INDIAN AFFAIRS: LAWS AND TREATIES

Vol. I, Laws     (Compiled to December 1, 1902)

Compiled and edited by Charles J. Kappler. Washington : Government Printing Office, 1904.


Home | Disclaimer & Usage | Table of Contents | Index

ACTS OF FIFTY-THIRD CONGRESS—SECOND SESSION, 1895.
CHAP. 3 | CHAP. 236 | CHAP. 290 | CHAP. 307

Page Images


Chapter 290
Sections 2 | 3 | 4 | 9 | 10

Margin Notes
Chap. 290 Indian affairs.
Chap. 290 Superintendents of schools may act as agents.
Chap. 290 to give bond.
    R. S., 2075.
    1875, Mar. 3, c. 132, s. 10, ante. p. 25.
Chap. 290 Salaries of agents fixed.
Note b Pay of Indian agents.
Chap. 290 Employees not to be paid for interpreting.
    [28 Stat., 288.]
Chap. 290 Surplus tribal lands to be leased for farming.
    [28 Stat., 305.]
    1900, May 31, c. 598, post, p. 105.
Chap. 290 Claimants may appear in circuit court.
    1893, Mar. 3, c. 209, ante, p. 66.
    95 Fed. Rep., 193.
    Amended, post, p. 109.
Chap. 290 Jurisdiction to courts.
Chap. 290 Effect of judgments.
Chap. 290 Lands excepted.
Chap. 290 Appeal.
Chap. 290 Equal education to those taking lands in severalty.
    [28 Stat., 311.]
    1893, Mar. 3, c. 209, ante, p. 65.
    1887, Feb. 8, c. 119, ante, p. 33.
    1891, Feb. 28, c. 383, ante, p. 57.
Sec. 2 Face value of certain nonpaying bonds to be credited to the Indians.
    R. S., 2095, 2096.
Sec. 2 Interest to be paid.
    1880, Apr. 1, c. 41, ante, p. 28.
Sec. 2 Bonds to belong to United States.
Sec. 3 Supplies to be manufactured by Indians.
    [28 Stat., 312.]
Sec. 4 Advertisement and contract before appropriations.
    R. S., 3679, 3732, 3733.
Sec. 4 Contracts on basis of preceding year.
Sec. 4 No liability unless appropriation.
Sec. 9 Report of employees at agencies and schools.
    R. S., 468.
    1889, Mar. 2, c. 412, ante, p. 44.
    1900, May 31, c. 598, post, p. 107.
Sec. 9 Indian Bureau
    R. S., 468.
Sec. 10 Indian employees preferred.
    1882. May 17, c. 163
    (1 Supp. R. S., 343).
Sec. 10 Provision to be enforced.

{Page 67}

Chapter 290
    Aug. 15, 1894. | 28 Stat., 286.
Page Images

An act making appropriations for current and contingent expenses of the Indian Department and fulfilling treaty stipulations with various Indian tribes for the fiscal year ending June thirtieth, eighteen hundred and ninety-five, and for other purposes.

Be it enacted, &c., * * * That the Commissioner of Indian Affairs, with the approval of the Secretary of the Interior, may devolve the duties of any Indian agency upon the superintendent of the Indian training school located at such agency, whenever in his judgment such superintendent can properly perform the duties of such agency

And the superintendent upon whom such duties devolve shall give bond as other Indian agents; a


aThis provision, without the last sentence as to bond, is repeated from the previous appropriation act, 1893, March 3, ch. 209.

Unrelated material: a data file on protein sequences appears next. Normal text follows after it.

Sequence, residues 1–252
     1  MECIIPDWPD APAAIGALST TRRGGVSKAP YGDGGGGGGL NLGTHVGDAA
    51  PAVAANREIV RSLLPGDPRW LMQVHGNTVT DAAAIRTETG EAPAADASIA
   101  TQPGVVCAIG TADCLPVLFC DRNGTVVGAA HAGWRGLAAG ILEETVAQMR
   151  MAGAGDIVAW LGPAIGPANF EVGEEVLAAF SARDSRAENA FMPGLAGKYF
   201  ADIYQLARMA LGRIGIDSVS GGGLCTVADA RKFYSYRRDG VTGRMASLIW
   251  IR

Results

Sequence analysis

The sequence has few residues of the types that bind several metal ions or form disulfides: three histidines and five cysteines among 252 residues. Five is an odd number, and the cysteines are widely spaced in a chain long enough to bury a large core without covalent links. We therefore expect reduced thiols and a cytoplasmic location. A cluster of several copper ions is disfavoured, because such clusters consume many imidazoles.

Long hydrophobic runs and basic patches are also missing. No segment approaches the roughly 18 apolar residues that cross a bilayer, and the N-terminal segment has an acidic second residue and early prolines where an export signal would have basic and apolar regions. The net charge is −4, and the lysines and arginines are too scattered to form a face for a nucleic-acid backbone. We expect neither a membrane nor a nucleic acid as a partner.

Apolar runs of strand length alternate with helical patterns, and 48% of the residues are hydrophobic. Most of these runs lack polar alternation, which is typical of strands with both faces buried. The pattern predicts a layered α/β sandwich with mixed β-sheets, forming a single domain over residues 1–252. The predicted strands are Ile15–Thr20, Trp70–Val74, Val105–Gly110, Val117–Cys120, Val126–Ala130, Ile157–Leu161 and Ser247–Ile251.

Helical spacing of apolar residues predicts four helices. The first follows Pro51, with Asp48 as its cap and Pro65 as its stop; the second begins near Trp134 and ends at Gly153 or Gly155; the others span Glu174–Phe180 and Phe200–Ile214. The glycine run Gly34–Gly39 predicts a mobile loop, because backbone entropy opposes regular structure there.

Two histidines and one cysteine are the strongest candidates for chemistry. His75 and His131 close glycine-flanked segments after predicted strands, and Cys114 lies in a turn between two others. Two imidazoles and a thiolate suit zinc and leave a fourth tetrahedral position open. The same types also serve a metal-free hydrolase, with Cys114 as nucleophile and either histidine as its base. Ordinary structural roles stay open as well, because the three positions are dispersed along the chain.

Hereafter the annual salaries of the several Indian agents shall be as provided for in this Act.b


bA provision has been repeated annually in the Indian appropriation acts, since 1884, repealing all laws fixing compensation of Indian agents in excess of the amount provided in the particular act.

This paragraph now seems intended to take the place of the recurrent annual provisions and to fix the salaries on a permanent basis. The salaries so fixed in this act are as follows:

     Blackfeet Agency, Montana, $1,800.
     Cherokee School, North Carolina: Additional compensation to superintendent of said school for performing the duties heretofore required of the agency at the Cherokee Agency, $200.
     Cheyenne and Arapaho Agency, Oklahoma Territory, $1,800.
     Cheyenne River Agency, South Dakota, $1,700.
     Colorado River Agency, Arizona, $1,500.
     Colville Agency, Washington, $1,500.
     Crow Creek and Lower Brule Agency, South Dakota, $1,800.
     Crow Agency, Montana, $1,800.
     Devils Lake Agency, North Dakota, $1,200.
     Flathead Agency, Montana, $1,500.
     Fort Belknap Agency, Montana, $1,500.
     Fort Berthold Agency, South Dakota, $1,500.
     Fort Hall Agency, Idaho, $1,500.
     Fort Peck Agency, Montana, $1,800.
     Grand Ronde Agency, Oregon, $1,200.
     Green Bay Agency, Wisconsin, $1,800.
     Hoopa Valley Agency, California, $1,200.
     Kiowa Agency, Oklahoma Territory, $1,800.
     Klamath Agency, Oregon, $1,200.
     La Pointe Agency, Wisconsin, $1,800.
     Lemhi Agency, Idaho, $1,200.
     Mescalero Agency, New Mexico, $1,600.
     Mission Tule River Agency, California, $1,600.
     Navajo Agency, New Mexico, $1,800.
     Neah Bay Agency, Washington, $1,200.
     Nevada Agency, Nevada, $1,500.
     New York Agency, New York, $1,000.
     Nez Perces Agency, Idaho, $1,600.

{Page 68}

     Omaha and Winnebago Agency, Nebraska, $1,600.
     Osage Agency, Oklahoma Territory, $1,600.
     Pima Agency, Arizona, $1,800.
     Pine Ridge Agency, South Dakota, $1,800.
     Pottawatomie and Great Nemaha Agency, Kansas, $1,200.
     Ponca, Pawnee, Otoe, and Oakland Agency, Oklahoma Territory, $1,500.
     Pueblo and Jicarilla Agency, New Mexico, $1,500.
     Puyallup (consolidated) Agency, Washington, $1,600.
     Rosebud Agency, South Dakota, $1,800.
     Round Valley Agency, California, $1,500.
     Sac and Fox Agency, lowa, $1,000.
     Sac and Fox Agency, Oklahoma Territory, $1,200.
     San Carlos Agency, Arizona, $1,800.
     Santee Agency, Nebraska, $1,200.
     Shoshone Agency, Wyoming, $1,500.
     Siletz Agency, Oregon, $1,200.
     Sisseton Agency, South Dakota, $1,500.
     Southern Ute Agency, Colorado, $1,400.
     Standing Rock Agency, North Dakota, $1,800.
     Tongue River Agency, Montana, $1,500.
     Tulalip Agency, Washington, $1,200.
     Uintah and Ouray Agency, Utah (consolidated), $1,800.
     Umatilla Agency, Oregon, $1,200.
     Union Agency, Indian Territory, $1,500.
     Warm Springs Agency, Oregon, $1,200.
     Western Shoshone Agency, Nevada, $1,500.
     White Earth Agency, Minnesota, $1,800.
     Yakima Agency, Washington, $1,800.
     Yankton Agency, South Dakota, $1,600.
     Quapaw Agency, Indian Territory, $1,400.